I've had depression and felt suicidal in the past. I've never wanted to take anyone with me - but it does happen on rare occasions. I wouldnt dismiss this as a concern as it is your children you're talking about after all.

Having the children around seems to have motivated MIL to leave the house so perhaps it's good for her mental health to have them around. Maybe encourage DH to visit but not leave them alone with her if your gut is telling you not to. I wouldn't say anything to her about it as chances are she has no such intentions and would be very upset that you think she does.

XiCi Mon 11-Apr-16 18:46:09

Sounds like you need to try and access some help for your mil

RaptorInaPorkPieHat Mon 11-Apr-16 18:51:06

I can see why you're not keen based on FIL's reaction.

It's a tough one as her actually leaving the house to take the DCs somewhere they enjoy is a huge step forward for her. I'm guessing if she'd taken her phone it wouldn't have been an issue. My gut instinct would be not leaving her alone with the DCs (better safe than sorry) and now it's out in the open about her not going out alone I would be encouraging her to go to back to the GP and involving her (and FIL) on more days out with the kids.

CanadaMoose Mon 11-Apr-16 18:52:34

I don't understand why FIL felt it was ok for MIL to have the kids alone in the house, but not out. Surely if she is a danger to herself and them, she shouldn't have been left with them in the first place?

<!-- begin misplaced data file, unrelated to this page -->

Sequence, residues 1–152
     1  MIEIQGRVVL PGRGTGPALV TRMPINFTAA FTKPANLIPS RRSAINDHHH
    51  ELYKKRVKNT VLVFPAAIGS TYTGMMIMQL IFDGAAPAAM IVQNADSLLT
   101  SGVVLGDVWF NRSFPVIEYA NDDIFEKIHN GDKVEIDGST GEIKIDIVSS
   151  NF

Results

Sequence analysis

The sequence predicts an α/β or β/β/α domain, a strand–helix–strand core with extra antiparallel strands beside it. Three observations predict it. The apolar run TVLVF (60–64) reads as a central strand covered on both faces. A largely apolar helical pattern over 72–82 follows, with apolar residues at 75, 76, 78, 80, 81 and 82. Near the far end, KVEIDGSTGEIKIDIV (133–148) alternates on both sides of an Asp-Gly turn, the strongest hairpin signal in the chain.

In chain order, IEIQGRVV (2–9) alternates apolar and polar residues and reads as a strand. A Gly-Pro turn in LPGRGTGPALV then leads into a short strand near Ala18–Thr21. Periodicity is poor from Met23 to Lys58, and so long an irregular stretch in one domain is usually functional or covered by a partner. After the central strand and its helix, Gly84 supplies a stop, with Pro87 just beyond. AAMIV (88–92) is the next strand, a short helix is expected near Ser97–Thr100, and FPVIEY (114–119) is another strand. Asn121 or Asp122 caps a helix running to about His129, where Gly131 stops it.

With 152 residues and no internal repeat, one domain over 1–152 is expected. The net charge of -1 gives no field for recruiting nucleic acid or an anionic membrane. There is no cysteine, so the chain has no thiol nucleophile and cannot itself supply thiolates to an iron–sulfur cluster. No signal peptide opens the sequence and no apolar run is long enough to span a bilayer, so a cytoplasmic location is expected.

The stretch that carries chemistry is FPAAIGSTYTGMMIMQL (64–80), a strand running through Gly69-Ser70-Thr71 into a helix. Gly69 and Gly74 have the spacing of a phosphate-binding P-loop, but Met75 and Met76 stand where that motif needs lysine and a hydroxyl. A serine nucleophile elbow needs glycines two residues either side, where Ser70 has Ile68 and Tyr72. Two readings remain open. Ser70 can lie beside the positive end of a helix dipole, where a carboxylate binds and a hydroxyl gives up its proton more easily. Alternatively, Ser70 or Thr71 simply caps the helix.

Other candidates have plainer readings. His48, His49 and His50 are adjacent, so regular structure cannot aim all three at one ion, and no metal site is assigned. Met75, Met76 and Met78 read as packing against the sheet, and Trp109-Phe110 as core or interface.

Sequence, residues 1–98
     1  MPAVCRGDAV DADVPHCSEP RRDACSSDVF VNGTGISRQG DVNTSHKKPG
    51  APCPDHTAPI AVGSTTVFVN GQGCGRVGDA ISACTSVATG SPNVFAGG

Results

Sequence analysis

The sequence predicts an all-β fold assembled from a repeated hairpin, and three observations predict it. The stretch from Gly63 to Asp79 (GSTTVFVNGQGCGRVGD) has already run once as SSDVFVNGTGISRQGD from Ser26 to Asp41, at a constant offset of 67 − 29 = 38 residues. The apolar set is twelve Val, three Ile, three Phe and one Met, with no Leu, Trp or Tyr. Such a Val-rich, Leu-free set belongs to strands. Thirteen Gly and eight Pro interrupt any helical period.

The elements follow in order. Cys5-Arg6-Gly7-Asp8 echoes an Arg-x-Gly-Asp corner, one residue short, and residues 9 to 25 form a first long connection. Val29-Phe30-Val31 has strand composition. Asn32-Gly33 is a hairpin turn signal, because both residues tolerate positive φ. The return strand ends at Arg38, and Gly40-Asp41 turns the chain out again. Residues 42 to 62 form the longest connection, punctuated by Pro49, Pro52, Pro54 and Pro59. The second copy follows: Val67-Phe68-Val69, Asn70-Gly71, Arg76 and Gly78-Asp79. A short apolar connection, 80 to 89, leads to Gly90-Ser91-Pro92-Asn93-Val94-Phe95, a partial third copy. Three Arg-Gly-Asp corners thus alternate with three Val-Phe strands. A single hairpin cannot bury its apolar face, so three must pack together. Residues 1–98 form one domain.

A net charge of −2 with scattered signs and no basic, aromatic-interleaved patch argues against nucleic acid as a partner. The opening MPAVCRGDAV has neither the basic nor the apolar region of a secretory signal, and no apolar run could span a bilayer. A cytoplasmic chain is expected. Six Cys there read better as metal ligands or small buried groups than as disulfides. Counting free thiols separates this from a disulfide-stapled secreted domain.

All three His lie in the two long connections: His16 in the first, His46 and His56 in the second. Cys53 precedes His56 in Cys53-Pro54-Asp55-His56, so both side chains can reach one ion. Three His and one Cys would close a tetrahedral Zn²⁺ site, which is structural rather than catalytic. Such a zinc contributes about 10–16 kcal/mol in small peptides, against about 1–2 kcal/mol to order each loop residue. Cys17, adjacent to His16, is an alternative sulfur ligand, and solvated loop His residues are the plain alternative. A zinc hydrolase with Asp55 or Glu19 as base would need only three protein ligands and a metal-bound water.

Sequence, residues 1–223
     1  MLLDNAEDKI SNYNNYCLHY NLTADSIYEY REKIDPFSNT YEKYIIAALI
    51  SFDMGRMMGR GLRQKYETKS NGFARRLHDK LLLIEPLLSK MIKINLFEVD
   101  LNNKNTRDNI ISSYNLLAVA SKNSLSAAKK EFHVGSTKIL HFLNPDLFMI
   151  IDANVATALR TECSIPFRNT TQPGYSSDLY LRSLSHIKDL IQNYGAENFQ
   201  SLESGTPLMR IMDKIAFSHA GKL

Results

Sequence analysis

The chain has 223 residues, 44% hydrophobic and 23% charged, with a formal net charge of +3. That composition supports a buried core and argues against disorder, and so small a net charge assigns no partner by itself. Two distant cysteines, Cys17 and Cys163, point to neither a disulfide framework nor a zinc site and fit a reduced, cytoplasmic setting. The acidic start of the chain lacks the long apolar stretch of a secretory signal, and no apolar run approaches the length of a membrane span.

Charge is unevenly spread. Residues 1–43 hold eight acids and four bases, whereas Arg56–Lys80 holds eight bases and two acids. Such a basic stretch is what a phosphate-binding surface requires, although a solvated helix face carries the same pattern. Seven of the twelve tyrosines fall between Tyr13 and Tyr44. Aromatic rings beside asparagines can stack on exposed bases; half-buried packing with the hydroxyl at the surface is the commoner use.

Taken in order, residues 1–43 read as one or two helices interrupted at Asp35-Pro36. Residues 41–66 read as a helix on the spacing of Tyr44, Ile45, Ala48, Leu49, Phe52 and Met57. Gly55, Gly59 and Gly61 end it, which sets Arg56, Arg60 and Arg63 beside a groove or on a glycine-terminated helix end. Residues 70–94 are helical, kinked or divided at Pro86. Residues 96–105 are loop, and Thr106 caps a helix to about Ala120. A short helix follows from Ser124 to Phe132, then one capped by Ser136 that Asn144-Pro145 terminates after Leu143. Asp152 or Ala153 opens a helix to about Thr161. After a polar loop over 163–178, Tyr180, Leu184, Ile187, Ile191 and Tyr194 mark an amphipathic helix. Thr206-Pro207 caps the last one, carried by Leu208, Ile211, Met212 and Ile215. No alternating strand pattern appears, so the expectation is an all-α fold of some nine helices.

I think it was an overreaction and that the kids are just fine with MIL. But trust your gut.

CabbagesOnFire Mon 11-Apr-16 18:55:44

Perhaps the reason she went out with the children even though she hadn't left the house in 3 months was that she was trying really hard to make things normal for the children. I have had mental health issues but I've always been able to hold it together for an afternoon. It'd be unfair to judge her as not trustworthy around the children without evidence of any actual wrongdoing. Nonetheless, I can see why you wouldn't want to leave them in her sole care.

TremoloGreen Mon 11-Apr-16 18:58:45

I wouldn't think it was unreasonable to not leave them with MIL again. WHy leave your kids with anyone if there is a doubt over their ability to look after them? All it will do is cause you stress and worry. So YANBU.

Not knowing enough about the situation I can't comment or not on whether your MIL poses any risk to your children but I imagine even witnessing something like granny losing the plot and smashing plates might be very frightening for a young child, it doesn;t have to be worst case scenario. Obviously she needs some help, good luck with it.

To the PP who said the OP has MH issues - the scenario the OP describes is exactly what health professionals are taught to look out for when risk assessing people in charge of small children. It's extreme and worst case but I think OP was just looking for an example to articulate her fears. I have a history of MH and other issues and this question is pretty much what my GP asks me every time I see her.

LIZS Mon 11-Apr-16 19:03:16

How was mil expected to come out and meet dh and fil if she hadn't been out for 3 months. I can understand a certain degree of concern that she didn't arrive and was not at home when they looked. Is she otherwise well?

TrinityForce Mon 11-Apr-16 19:05:57

Poor MIL, sounds like she's having a tough time of it.

I agree though, you don't need to make a song and dance about her not having the DC alone anymore, just agree with DH/FIL that it won't happen. If he's that concerned, he'll take steps to prevent it happening whether you ask it or not, surely?